14. Sacks AH. Theoretical prediction of a time-at-pressure curve for avoiding pressure sores. J Rehabil Res Dev 1989; 26(3): 27-34.
15. Bennett L, Lee BY. Vertical shear existence in animal pressure threshold experiments. Decubitus 1988; 1(1): 18-24.
16. Neumark OW. Deformation, not pressure, is the prime cause of pressure sores. Care Science and Practice 1981; 1: 41-6.
17. Hussain T. Experimental study of some pressure effects on tissue, with reference to bed-sore problem. J Pathology Bacteriology 1953; 66: 347-58.
18. Reswick JB, Rogers JE. Experience at Rancho Los Amigos hospital with devices and techniques to prevent pressure sores. In: Kenedi RM, Cowden JM, Scales JT, editors. Bedsore Biomechanics. Baltimore: University Park Press, 1976; 301-10.
19. Allen V, Ryan DW, Lomax N, Murray A. Accuracy of interface pressure measurement systems. J Biomed Eng 1993; 15(4): 344-8.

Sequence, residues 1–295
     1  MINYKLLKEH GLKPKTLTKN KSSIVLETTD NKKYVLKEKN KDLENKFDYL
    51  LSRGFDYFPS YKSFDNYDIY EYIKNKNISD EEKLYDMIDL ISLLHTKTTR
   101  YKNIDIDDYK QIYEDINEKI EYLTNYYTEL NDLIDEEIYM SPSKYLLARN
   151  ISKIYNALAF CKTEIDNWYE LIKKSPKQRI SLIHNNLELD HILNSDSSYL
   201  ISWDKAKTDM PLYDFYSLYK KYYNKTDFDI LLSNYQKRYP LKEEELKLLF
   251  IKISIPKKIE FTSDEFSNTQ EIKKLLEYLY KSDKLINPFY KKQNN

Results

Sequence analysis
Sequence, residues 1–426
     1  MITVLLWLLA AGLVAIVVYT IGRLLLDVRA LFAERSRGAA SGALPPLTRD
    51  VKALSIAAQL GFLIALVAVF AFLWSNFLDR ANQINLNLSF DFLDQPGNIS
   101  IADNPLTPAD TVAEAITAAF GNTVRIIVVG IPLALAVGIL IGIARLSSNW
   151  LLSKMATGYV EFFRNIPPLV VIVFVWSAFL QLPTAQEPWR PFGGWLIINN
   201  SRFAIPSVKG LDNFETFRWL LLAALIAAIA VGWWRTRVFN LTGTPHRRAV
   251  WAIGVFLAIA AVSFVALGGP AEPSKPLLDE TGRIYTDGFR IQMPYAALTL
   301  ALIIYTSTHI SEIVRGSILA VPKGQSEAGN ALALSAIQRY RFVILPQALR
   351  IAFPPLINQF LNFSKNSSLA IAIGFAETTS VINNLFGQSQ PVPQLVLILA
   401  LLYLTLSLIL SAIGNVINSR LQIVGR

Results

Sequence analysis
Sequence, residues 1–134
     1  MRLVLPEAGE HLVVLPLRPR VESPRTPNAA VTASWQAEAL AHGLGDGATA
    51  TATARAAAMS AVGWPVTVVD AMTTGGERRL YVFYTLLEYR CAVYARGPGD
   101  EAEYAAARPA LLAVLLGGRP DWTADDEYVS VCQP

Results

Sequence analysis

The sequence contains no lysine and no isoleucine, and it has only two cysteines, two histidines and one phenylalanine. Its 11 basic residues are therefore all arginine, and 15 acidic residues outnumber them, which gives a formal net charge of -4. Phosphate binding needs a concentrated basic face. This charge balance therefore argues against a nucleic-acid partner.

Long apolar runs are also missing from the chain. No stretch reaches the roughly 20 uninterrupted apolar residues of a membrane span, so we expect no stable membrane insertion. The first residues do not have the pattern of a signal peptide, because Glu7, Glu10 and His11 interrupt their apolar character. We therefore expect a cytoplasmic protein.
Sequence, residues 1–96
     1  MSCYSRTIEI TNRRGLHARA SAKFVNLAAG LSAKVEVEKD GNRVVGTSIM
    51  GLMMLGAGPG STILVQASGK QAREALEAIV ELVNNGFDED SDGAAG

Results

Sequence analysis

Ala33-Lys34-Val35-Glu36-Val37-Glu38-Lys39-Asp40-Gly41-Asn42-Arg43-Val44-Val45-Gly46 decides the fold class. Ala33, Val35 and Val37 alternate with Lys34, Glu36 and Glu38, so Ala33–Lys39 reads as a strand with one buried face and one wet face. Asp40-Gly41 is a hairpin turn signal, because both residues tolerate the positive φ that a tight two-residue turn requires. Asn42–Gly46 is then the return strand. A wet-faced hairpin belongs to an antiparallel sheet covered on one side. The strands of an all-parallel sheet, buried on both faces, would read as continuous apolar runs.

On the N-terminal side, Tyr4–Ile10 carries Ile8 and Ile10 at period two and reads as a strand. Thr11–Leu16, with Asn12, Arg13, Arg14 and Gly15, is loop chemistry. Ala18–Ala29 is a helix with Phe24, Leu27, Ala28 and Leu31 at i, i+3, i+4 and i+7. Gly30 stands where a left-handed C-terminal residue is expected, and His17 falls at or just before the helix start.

20. Dabnichki P, Taktak D. Pressure variation under the ischial tuberosity during a push cycle. Med Eng Phys 1998; 20(4): 242-56.
21. Krouskop TA, Garber SL. Interface pressure confusion. Decubitus 1989; 2(3)
22. Bader DL, Hawken MB. Pressure distribution under the ischium of normal subjects. J Biomed Eng 1986; 8(4): 353-7.
23. Enriquez, Elizabeth Limouze RN, BSN, MPH, CWOCN; Holland, Diane L. P.T., CWS, DAPWCA, CPed
24. PRESSURE MAPPING—IT’S THE PEAK THAT COUNTS, AND ALL SPECIALTY MATTRESSES ARE NOT EQUAL: 1356 Journal of Wound, Ostomy and Continence Nursing Issue: Volume 34(3S) Supplement, May/June 2007, p S54
25. Economides NG; Skoutakis VA; Carter CA; Smith VH Evaluation of the effectiveness of two support surfaces following myocutaneous flap surgery. (includes abstract); Advances in Wound Care, 1995 Jan-Feb; 8 (1): 49-53 (journal article – research, tables/charts) ISSN: 1076-2191 PMID: 7795873 CINAHL AN: 1995011076
26. Jenkins ML, O’Neal E. Pressure ulcer prevalence and incidence in acute care. Adv Skin Wound Care. 2010 Dec;23(12):556-9.
Cite This Work
To export a reference to this article please select a referencing stye below:
Related ServicesView all
DMCA / Removal Request
If you are the original writer of this essay and no longer wish to have the essay published on the UK Essays website then please: